Nurses, doctors and medical personnel lined the hallways of Vanderbilt University Medical Center to honor the life of a paramedic as he was moved into the operating room where he would donate his organs.
Kyle Fisher, 28, was a paramedic who helped people every day. His final act was the donation of his heart, liver, kidneys, lungs and tissue on Feb. 9, saving the lives of six people.
Vanderbilt shared video of his honor walk, where medical personnel line up to pay respect in a silent memorial for those donating organs so that others may have a chance to live.
Honor walks occur only with the permission of the patient’s family.
Fisher, who was suffering from severe gastrointestinal issues, went into cardiac arrest shortly after emergency personnel responded on Feb. 4 to his fianceé’s home in rural Clay County, according to Vanderbilt.
Fisher was given CPR for 28 minutes during his transport to Cumberland River Hospital in Celina, where he was stabilized. He then was transported to Vanderbilt.
Fisher, a paramedic at American Medical Response (AMR) in Nashville, decided to donate his organs four years earlier when his choice was first indicated on his driver’s license.
“I could not make that decision,” said his mother Fredia Fisher. “So I got his wallet out of my purse and his driver’s license had this little heart” — the symbol indicating a registered organ and tissue donor.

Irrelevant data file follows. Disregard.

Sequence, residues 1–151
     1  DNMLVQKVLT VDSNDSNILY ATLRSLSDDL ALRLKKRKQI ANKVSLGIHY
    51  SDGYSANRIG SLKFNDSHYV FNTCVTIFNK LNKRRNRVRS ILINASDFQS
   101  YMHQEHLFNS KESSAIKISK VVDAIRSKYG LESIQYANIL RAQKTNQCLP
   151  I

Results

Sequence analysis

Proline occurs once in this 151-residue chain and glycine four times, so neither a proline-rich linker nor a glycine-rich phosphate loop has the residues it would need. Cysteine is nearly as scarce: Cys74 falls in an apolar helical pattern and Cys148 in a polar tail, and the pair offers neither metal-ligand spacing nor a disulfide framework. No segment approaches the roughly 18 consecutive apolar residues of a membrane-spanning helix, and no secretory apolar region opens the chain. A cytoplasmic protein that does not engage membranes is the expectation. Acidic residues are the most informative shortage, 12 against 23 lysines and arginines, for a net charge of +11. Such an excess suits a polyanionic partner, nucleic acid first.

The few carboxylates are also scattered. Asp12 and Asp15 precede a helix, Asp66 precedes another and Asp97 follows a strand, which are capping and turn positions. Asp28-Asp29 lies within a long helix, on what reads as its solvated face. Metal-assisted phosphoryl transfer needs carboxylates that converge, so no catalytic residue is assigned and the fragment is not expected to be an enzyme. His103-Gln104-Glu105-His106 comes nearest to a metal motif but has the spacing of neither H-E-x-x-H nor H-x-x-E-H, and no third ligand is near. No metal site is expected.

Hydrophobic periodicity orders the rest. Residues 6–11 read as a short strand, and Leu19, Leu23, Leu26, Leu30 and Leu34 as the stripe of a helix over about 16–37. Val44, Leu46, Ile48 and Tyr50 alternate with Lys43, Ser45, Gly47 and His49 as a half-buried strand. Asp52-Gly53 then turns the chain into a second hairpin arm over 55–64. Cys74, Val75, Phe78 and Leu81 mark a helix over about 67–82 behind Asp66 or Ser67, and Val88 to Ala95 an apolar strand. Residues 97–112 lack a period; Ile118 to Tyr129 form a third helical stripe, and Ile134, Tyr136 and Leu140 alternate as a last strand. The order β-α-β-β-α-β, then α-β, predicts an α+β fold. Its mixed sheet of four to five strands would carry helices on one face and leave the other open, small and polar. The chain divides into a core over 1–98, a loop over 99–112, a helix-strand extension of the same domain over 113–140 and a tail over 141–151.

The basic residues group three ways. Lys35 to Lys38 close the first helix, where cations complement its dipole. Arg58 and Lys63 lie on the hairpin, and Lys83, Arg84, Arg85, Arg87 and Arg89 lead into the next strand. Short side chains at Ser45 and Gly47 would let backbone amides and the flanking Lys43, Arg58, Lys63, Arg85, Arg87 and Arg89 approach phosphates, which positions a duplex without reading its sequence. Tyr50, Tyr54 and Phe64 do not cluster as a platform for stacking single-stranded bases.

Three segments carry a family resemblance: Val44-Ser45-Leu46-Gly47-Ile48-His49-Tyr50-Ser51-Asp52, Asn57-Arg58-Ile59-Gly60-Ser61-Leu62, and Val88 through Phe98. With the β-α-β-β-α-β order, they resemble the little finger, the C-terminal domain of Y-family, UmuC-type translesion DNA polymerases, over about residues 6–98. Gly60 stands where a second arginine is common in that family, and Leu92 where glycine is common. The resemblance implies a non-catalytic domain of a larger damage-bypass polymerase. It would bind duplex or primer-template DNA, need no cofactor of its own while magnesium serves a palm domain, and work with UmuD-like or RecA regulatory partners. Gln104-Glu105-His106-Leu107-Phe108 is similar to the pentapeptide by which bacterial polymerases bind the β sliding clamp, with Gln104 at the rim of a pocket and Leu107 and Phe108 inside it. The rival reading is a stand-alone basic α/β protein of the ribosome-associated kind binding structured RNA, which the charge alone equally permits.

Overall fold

“I know 1,000 percent I could not be handling this as well as I am right now if I didn’t know that he was going to save many, many lives by that decision that he’s made,” she said. “And I may not be able to have my baby with me, but a lot of other mamas will be able to keep their babies because of him. And that’s just him. So selfless. So caring. So tenderhearted.”
More than 113,000 people nationwide are waiting for a life-saving transplant, with more than 3,000 of those in Tennessee, said Sharon Pakis, manager of public education and public relations with Tennessee Donor Services.
“One organ donor can save up to eight lives, and one tissue donor can impact 50 or more lives,” Pakis said.
Vanderbilt child life specialists made keepsakes for Fisher’s children, Kasen, 7; Khloe, 3; and Bryar Kyle, with whom his fiancee Kaylin Oldham is five months pregnant. They captured Fisher’s handprint and made clay molds of his thumbs.
To learn more about becoming an organ and tissue donor, visit donatelifetn.org.